An important aspect of environmental control is monitoring the Earth's atmosphere and water basins. Atmospheric aerosols that are contained in the Earth's atmosphere play important roles in climatology and visibility as they absorb and scatter solar radiation. They also may affect human health when they penetrate the human body via the respiratory tracts. Therefore, there have been increased efforts aimed at better characterization of chemical and microphysical properties of aerosol to help elaborate appropriate particulate matter emission standards. Understanding of properties and behavior of atmospheric aerosols is also extremely important for studying the Earth's climate and potential detrimental impact of the aerosols on air quality and human health.

Control of water consists of flow routing along the river network, especially in connection with human activity, surveying of hydrological processes of land-atmospheric interaction such as evapotranspiration and snowmelt, control of sediment and pollutant transport in the streams, etc. It is not less important to control the pollution of water in seas and oceans, especially in the populated coastal areas. The protection of the water supplies is an important goal also for Homeland Defense to prevent a pandemic disaster. A future terrorist tactic could include dispersing of the poison containing ampoules can be triggered by remote control. The ampoules could be moved invisibly underwater and put in the bottom of the reservoir.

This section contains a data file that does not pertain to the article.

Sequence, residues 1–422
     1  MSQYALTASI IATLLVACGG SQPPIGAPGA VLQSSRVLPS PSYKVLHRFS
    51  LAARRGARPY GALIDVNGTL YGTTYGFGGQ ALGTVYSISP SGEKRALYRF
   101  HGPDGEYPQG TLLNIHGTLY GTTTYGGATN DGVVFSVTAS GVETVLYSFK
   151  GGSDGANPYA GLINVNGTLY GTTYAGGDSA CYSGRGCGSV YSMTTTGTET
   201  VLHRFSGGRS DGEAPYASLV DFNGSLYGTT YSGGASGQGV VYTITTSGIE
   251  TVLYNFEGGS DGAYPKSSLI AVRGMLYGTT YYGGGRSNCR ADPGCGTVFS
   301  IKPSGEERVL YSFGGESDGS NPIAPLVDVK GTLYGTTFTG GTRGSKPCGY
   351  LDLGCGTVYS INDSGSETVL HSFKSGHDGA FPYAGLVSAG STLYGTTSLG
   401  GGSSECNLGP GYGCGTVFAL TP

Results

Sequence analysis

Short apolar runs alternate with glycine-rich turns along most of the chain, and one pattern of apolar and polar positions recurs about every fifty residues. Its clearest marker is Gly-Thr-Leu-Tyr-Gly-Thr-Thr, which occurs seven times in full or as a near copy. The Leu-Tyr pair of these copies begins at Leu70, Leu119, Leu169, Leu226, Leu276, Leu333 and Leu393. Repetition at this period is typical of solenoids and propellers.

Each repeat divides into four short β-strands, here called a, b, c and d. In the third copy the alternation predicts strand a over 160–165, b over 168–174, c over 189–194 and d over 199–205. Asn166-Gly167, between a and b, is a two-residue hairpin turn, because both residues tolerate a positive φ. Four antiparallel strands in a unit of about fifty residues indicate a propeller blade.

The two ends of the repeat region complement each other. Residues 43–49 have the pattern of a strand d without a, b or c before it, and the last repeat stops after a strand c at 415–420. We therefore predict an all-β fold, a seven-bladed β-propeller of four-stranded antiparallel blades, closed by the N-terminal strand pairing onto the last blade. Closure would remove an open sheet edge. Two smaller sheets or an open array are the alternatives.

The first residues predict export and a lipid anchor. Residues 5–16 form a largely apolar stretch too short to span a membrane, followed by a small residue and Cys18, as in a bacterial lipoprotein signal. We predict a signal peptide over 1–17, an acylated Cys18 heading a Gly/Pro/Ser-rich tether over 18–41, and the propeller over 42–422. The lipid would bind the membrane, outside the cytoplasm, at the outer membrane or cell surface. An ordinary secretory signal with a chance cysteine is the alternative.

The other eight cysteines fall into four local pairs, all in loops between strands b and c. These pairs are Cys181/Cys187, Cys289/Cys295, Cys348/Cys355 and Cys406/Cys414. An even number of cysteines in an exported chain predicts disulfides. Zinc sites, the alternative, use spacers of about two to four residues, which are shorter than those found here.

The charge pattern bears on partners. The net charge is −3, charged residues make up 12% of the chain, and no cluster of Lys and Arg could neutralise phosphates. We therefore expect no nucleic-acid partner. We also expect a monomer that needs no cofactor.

An instrument which is normally used for controlling environmetal conditions of water and gases is an aerosol mass spectrometer. Irrespective of whether the samples are taken from water or air, a mass spectrometer per se operates with dry particles or dried droplets. In the case when samples are taken from water, prior to admission into the vacuum chamber of the mass spectrometer, the samples are pretreated to form a stream of dried descrete particles. The samples are dried even if they are taken from moisture-containing air. Since the present invention relates to an ionization device of an aerosol mass spectrometer and since the particles or droplets to be charged in the ionizer are already in a dry state, the following analysis of the prior art will relate merely to aerosol mass spectrometers without disctinction between those taking samples from water or the atmosphere.